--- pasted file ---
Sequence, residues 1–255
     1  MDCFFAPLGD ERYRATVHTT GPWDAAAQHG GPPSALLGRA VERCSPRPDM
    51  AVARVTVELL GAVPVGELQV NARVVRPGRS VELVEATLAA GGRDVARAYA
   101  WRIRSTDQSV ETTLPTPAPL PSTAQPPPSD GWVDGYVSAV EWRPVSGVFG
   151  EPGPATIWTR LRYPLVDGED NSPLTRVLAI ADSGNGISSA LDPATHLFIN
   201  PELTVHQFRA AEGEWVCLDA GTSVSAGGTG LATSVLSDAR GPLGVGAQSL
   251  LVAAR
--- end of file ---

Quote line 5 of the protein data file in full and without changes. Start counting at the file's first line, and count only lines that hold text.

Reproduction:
   151  EPGPATIWTR LRYPLVDGED NSPLTRVLAI ADSGNGISSA LDPATHLFIN